It appears that when hives are fleeting, as is seen in physically induced hives, they are caused by a rapid burst of local mast cell degranulation. There is no tissue infiltration with cells, no late-phase component to the reaction, and therapy is dependent on antihistaminics or mast cell stabilizing agents. The nonsustained mediator release may be a result of the absence of a defined antigen, a very brief encounter with the initiating physical stimulus, and rapid removal of vasoactive substances and chemotactic factors so that the hive disappears quickly and a chemotactic factor gradient is not sustained so as to attract cells. Chronic urticaria differs in that the hive forms slowly, disappears over many hours, and is due to a perivascular accumulation of mononuclear cells and mast cells, These mononuclear cells appear to be critical for development of the lesion, Indirect evidence in support of this is the efficacy of corticosteroids in abrogating this type of hive and new concepts regarding mast cell proliferation and stimulation that are mononuclear cell-dependent.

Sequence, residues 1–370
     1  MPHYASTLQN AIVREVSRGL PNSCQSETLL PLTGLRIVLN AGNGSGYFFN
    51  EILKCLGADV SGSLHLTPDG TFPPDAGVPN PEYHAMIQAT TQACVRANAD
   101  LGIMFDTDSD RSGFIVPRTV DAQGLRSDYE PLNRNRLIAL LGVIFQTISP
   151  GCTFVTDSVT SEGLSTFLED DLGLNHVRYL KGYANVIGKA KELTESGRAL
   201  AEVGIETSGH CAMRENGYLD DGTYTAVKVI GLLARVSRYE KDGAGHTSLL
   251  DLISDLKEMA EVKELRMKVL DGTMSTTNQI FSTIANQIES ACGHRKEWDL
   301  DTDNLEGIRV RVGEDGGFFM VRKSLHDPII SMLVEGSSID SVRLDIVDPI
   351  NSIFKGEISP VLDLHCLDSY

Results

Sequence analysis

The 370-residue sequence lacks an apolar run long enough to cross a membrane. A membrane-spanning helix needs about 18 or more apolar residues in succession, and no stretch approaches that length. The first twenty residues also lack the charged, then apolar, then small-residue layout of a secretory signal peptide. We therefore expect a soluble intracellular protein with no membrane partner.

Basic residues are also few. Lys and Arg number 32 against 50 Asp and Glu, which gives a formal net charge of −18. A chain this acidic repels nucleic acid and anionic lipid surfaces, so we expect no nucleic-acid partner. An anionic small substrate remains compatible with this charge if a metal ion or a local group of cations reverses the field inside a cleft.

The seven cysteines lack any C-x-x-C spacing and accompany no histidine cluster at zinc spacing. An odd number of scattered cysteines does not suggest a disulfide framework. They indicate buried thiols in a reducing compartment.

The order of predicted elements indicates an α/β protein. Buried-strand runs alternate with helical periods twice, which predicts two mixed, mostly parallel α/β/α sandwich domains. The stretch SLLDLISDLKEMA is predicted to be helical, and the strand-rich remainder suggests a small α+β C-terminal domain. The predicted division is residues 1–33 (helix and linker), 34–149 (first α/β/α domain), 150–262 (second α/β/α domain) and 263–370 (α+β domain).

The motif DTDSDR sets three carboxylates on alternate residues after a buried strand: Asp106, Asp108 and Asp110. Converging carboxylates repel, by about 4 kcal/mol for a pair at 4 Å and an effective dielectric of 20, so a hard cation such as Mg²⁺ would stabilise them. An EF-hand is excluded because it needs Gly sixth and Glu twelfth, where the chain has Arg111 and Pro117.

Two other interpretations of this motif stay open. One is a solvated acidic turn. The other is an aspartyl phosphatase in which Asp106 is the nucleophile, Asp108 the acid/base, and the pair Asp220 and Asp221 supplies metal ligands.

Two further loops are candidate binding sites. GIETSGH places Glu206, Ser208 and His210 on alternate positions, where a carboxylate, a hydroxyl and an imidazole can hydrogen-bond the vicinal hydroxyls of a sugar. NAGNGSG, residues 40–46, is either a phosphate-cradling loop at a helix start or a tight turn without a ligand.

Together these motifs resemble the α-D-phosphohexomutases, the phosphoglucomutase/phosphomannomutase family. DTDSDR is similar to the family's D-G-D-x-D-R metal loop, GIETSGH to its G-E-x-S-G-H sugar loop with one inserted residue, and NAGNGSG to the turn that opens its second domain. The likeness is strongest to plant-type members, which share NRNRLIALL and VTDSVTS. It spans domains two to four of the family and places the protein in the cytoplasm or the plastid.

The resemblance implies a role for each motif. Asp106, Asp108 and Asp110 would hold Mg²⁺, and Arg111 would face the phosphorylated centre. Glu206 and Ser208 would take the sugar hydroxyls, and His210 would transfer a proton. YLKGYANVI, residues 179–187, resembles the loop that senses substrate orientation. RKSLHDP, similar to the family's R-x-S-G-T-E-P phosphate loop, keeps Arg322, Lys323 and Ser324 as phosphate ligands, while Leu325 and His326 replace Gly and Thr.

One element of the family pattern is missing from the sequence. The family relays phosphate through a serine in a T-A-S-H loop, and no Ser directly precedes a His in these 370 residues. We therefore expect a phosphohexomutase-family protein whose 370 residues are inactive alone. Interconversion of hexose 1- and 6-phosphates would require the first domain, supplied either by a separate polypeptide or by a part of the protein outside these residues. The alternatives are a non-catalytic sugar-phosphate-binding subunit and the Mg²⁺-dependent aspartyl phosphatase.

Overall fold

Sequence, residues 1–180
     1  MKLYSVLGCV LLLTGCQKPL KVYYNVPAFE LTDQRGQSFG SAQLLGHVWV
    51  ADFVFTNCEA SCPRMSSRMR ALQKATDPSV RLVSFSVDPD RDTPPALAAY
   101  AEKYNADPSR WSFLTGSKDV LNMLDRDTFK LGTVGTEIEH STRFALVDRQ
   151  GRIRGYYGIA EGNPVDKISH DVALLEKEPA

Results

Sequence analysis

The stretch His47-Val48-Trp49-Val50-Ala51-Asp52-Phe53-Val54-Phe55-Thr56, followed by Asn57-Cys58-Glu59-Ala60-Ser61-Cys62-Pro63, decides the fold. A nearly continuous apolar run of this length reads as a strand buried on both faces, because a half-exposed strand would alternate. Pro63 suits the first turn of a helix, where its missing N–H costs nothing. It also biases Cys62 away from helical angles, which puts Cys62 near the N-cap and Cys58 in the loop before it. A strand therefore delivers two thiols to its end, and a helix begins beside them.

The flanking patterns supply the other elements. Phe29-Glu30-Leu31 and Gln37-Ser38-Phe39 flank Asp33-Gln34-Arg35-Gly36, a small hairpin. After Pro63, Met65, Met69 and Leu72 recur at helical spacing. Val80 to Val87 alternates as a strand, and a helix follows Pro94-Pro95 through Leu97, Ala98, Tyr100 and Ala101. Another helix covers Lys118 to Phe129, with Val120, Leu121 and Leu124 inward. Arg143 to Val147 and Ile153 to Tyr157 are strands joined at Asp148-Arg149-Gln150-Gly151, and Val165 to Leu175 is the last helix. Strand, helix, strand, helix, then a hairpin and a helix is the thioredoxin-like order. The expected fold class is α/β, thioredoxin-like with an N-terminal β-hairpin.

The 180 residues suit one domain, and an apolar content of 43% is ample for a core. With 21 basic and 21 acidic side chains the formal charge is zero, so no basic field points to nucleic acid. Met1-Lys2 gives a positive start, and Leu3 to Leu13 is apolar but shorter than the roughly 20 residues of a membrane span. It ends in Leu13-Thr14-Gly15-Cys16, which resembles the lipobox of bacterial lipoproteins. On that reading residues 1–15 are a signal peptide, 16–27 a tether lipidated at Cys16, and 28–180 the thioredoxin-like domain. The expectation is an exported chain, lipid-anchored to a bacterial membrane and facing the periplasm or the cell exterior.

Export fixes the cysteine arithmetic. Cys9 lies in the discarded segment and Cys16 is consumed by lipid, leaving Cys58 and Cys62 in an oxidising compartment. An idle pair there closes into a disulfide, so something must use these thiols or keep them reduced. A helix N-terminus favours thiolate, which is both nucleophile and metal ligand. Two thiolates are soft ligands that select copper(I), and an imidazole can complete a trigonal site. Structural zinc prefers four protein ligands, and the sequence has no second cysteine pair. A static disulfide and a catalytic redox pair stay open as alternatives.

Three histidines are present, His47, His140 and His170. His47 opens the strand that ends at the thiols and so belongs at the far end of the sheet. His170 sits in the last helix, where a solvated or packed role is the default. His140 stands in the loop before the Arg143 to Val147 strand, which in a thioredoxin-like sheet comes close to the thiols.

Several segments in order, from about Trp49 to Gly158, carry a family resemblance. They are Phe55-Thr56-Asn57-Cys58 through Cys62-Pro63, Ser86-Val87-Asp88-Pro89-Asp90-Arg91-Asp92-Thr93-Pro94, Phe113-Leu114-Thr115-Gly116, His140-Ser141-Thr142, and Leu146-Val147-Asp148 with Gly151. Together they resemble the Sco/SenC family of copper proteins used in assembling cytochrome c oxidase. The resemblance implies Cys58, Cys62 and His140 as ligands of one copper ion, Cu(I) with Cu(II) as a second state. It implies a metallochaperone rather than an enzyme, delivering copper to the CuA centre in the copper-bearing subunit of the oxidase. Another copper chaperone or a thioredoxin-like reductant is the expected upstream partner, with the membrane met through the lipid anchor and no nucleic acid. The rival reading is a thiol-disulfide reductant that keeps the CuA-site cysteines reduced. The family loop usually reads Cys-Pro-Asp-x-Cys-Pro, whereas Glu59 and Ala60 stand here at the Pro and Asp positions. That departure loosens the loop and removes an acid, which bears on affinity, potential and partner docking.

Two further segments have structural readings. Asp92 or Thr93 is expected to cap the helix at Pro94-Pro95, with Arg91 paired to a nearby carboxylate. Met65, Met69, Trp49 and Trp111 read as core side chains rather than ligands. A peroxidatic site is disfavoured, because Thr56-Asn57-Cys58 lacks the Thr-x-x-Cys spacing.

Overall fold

Allergy and Asthma Proceedings is a peer reviewed publication dedicated to distributing timely scientific research regarding advancements in the knowledge and practice of allergy, asthma and immunology. Its primary readership consists of allergists and pulmonologists.
The goal of the Proceedings is to publish articles with a predominantly clinical focus which directly impact quality of care for patients with allergic disease and asthma.
Featured topics include asthma, rhinitis, sinusitis, food allergies, allergic skin diseases, diagnostic techniques, allergens, and treatment modalities. Published material includes peer-reviewed original research, clinical trials and review articles.
Articles marked "F" offer free full text for personal noncommercial use only.